This week, JIGGY debuted its first collection, featuring artworks from emerging global female artists. If you’re thinking en vogue modern art sounds like just the thing to fill your blank wall space, Marcotte agrees: The puzzles come with puzzle glue and even a custom precision tool to help you apply it smoothly, so you can frame and hang your creation after completion. If you’re more of a puzzle repeater than a puzzle displayer, that’s fine, too—just pop the pieces back into their sustainable glass container until next time.

The contributing artists hail from all over the world, and each artwork embodies a distinctive style. “Bathing with Flowers” by Slovenia’s Alja Horvat depicts a lush tropical atmosphere, while “BerlinMagalog” by Diana Ejaita (based in Germany and Nigeria) combines bold contrasts with soft patterns to capture the complexity of feminine strength.

jiggy puzzle bathing with flowers
"Bathing with Flowers" by Alja Horvat.
JIGGY

JIGGY puzzle “BerlinMagalog” by Diana Ejaita
“BerlinMagalog” by Diana Ejaita.
JIGGY

In Australia-based Karen Lynch’s “Flamingo Playground,” a building-sized flamingo innocuously stalks across a picturesque, populated beach. And then there’s “The Astronaut” by Seattle’s Emma Repp, a whimsical, vibrant illustration of outer space that brilliantly contrasts the bleak and sometimes terrifying abyss we’re so used to seeing in movies like Gravity (2013) or First Man (2018).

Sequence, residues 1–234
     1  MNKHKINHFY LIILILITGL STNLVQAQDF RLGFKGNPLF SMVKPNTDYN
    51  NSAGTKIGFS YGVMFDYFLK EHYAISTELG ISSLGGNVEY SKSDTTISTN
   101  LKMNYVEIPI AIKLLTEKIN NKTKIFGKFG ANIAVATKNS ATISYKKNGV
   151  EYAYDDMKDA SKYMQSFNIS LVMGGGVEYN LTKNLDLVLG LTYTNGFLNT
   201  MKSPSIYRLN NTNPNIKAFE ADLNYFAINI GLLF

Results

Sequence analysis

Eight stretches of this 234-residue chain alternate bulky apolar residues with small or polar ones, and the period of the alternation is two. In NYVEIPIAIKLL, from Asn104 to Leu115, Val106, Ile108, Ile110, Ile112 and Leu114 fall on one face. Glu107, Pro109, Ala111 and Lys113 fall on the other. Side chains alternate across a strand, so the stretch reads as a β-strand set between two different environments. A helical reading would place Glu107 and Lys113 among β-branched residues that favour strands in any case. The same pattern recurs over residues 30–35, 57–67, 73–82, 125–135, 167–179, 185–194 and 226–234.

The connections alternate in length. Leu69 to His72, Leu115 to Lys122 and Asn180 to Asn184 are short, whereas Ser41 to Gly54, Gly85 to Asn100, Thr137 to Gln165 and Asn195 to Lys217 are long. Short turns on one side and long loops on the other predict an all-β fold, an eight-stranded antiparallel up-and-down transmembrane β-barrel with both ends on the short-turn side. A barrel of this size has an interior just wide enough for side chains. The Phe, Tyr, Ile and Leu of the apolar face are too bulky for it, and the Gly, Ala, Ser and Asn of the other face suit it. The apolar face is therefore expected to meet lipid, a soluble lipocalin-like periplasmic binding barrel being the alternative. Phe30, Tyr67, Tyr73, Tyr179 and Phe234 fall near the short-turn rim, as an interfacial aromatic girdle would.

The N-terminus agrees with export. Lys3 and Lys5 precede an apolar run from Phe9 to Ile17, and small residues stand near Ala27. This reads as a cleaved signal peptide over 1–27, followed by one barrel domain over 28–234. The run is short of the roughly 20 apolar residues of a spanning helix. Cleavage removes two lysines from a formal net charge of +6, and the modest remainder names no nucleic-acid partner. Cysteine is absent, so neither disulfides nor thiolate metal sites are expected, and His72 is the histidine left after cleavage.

JIGGY puzzle “Flamingo Playground,”
"Flamingo Playground" by Karen Lynch.
JIGGY

JIGGY puzzle “The Astronaut”
“The Astronaut” by Emma Repp.
JIGGY

The full collection comprises three 450-piece puzzles for $40 each, and three 800-piece puzzles for $48 each—you can find out more about the artists and shop for your favorite puzzle here.

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This Massachusetts Home Painted by Norman Rockwell Just Hit the Market

Wayne Tremblay
Wayne Tremblay

Norman Rockwell is considered one of the 20th century’s great American artists. Using his keen eye for capturing domestic America, his work—which often appeared on the cover of the Saturday Evening Post—has become instantly recognizable, and his originals sell for millions.

If you can’t afford a Rockwell, perhaps you might be able to move into one of his inspirations. A home featured in his 1967 painting Stockbridge Main Street at Christmas has come up for sale in Stockbridge, Massachusetts.

A home in Stockbridge, Massachusetts painted by Norman Rockwell is pictured
Wayne Tremblay

The three-story, 8770-square foot Victorian has an entry-level storefront, one depicted as an antiques shop in the painting and currently being occupied by a real estate office and gift shop. The second floor is spaced for residence, and a third floor can be rented out, as well.

The entire street has echoes of Rockwell. He once had a studio a few doors down. Every Christmas, the town tries to harken back to the painting by parking vintage cars along the road.

Listed by William Pitt Sotheby's International Reality, it can be yours for $1,795,000. The painting has not come up for sale—it resides in the nearby Norman Rockwell Museum—but if it did, you could expect to pay substantially more. Another Rockwell, Saving Grace, sold for a record $46 million in 2013.

[h/t Boston.com]